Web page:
New commercial satellite imagery of the Punggye-ri Nuclear Test Site from March 7 indicates activity at the North Portal, Main Administrative Area and Command Center. The sum of these activities supports an assessment that North Korea continues to prepare the tunnels at the North Portal for a future nuclear test. It also suggests that Punggye-ri is capable of handling a sixth nuclear test on short notice once a nuclear device and the associated monitoring equipment are emplaced. However, it is not possible to predict the timing of such a test based on the latest image.
Commercial satellite imagery from March 7 indicates that the changing pattern of equipment and supplies, ongoing at this location since October 2016, continues. Equipment and supplies present at this location on February 18 and 21 have been replaced by what appears to be a large shipping container or crate. A pattern of tracks left by compacted snow indicates movement from the equipment and supplies storage area to the support buildings and tunnel. Additionally, while the February images showed changes in the pattern and texture of portions of the tailings pile, none are visible now.
All of these activities, as well as continuing work at this location over the past six months suggest an ongoing program of maintaining and preparing the North Portal for a new nuclear test should the decision be made to do so. Nothing in the latest imagery provides any insight as to when such a test will take place.
Figure 1. Large shipping container or crate seen at the North Portal.
Figure 2. No changes to pattern and texture of tailings (spoil) pile.
Imagery indicates that the area around the West Portal is snow covered and the only activity of significance is the presence of a single small vehicle (approximately three-meters-long) not previously seen in this area. Although the mine railroad tracks are clearly visible in the March 7 image no changes in the pattern and texture of the tailings pile previously noted are apparent in the current image. The several probable mining carts observed in February are no longer present. While this activity suggests that minor excavation has likely taken place recently it does not appear to be ongoing. Whether this activity is for maintenance or ongoing tunnel excavation is unknown.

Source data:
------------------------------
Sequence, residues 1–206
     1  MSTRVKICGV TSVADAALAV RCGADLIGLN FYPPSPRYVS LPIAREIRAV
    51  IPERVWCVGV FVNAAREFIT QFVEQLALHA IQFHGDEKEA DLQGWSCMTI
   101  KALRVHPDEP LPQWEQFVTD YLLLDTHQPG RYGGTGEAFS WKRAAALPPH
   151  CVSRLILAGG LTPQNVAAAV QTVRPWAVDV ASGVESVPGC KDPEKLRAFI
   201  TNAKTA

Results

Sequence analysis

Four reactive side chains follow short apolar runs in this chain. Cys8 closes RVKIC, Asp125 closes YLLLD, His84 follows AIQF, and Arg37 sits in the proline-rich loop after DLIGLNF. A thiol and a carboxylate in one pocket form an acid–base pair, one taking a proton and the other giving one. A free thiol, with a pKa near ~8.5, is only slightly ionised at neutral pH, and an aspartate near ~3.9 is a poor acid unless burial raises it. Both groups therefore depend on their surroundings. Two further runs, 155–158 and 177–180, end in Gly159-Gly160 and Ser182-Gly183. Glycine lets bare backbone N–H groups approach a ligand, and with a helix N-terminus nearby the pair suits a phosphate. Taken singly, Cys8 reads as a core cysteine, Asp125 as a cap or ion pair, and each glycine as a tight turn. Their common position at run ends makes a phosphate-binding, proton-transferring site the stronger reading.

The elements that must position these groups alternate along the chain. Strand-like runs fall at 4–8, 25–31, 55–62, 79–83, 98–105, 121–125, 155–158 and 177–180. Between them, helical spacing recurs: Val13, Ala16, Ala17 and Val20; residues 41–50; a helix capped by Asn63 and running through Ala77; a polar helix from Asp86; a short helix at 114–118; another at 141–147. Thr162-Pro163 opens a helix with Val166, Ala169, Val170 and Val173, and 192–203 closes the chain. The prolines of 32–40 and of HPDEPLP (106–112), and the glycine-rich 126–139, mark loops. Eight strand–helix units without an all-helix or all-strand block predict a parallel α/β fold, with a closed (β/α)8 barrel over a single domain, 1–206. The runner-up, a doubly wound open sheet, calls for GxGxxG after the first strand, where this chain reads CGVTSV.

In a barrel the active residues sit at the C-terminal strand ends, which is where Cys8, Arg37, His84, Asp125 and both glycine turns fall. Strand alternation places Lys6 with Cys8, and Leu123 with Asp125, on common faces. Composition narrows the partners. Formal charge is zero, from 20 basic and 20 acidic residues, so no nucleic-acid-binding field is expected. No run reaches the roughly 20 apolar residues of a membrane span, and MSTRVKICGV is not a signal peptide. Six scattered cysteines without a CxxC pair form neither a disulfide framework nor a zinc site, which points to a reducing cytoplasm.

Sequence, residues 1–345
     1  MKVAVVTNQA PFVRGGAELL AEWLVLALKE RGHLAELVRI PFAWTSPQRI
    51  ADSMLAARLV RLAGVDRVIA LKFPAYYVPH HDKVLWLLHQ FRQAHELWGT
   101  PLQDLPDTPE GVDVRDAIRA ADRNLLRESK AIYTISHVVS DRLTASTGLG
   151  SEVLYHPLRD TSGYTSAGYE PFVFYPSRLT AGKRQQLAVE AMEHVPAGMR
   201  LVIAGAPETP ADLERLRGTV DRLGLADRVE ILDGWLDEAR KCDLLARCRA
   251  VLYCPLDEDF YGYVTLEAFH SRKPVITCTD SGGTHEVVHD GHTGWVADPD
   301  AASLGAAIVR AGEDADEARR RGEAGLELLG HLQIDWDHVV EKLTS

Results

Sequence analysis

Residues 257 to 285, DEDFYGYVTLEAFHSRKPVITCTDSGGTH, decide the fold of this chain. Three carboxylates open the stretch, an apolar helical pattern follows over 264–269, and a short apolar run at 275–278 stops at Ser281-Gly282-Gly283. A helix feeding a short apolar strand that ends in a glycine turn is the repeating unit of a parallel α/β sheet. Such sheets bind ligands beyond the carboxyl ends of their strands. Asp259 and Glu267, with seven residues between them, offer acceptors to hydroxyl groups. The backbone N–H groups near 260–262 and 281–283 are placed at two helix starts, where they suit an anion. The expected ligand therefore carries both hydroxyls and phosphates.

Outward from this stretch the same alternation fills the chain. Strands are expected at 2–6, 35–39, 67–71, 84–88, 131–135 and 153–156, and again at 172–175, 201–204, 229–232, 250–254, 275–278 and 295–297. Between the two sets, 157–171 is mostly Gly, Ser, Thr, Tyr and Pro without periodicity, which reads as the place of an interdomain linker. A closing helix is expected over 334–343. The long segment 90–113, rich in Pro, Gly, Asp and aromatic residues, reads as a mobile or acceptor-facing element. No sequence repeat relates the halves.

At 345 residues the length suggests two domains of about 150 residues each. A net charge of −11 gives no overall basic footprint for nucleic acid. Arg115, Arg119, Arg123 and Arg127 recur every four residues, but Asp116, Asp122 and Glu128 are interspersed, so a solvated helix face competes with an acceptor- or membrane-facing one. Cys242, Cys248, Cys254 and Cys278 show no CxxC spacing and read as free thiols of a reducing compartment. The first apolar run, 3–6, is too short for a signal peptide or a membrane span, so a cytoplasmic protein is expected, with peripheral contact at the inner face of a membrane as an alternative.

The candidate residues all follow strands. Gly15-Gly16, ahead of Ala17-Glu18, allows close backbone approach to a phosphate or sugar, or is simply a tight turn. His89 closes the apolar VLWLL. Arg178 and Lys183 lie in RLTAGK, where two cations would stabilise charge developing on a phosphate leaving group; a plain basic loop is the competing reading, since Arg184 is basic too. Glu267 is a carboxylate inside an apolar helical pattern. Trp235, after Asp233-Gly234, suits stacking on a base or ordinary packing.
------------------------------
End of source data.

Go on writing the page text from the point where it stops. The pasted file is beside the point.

Figure 3. A small vehicle seen at the West Portal.
Main Administrative Area and South Portal
Imagery shows that the courtyards at the Main Administrative Area are covered with compacted snow. While there is a truck—approximately five-meters-long—present in the southern courtyard, the supplies observed on February 18 and 21 in the northern courtyard are no longer present. The nature and purpose of these supplies or equipment is unclear, but they are likely associated with the changing pattern of activity at the North Portal.
No activity of significance is visible at the South Portal.
Figure 4. Truck present in the southern courtyard of the Main Administrative Area.
Command Center Area
Imagery indicates that the Command Center courtyard is free of snow and a single truck—approximately five-meters-long—is present. (A single passenger vehicle was present in the February 18 imagery.) The presence of vehicles on two occasions during the past three weeks is notable since they are not typically observed at this location. This apparent increase in activity may be related to other activities observed at the North Portal and Main Administrative Area. The support area, guard barracks and security checkpoint are generally clear of snow suggesting ongoing activity.
Figure 5. Truck present at the site’s Command Center.
Figure 6. Snow cleared at guard barrack and security checkpoint.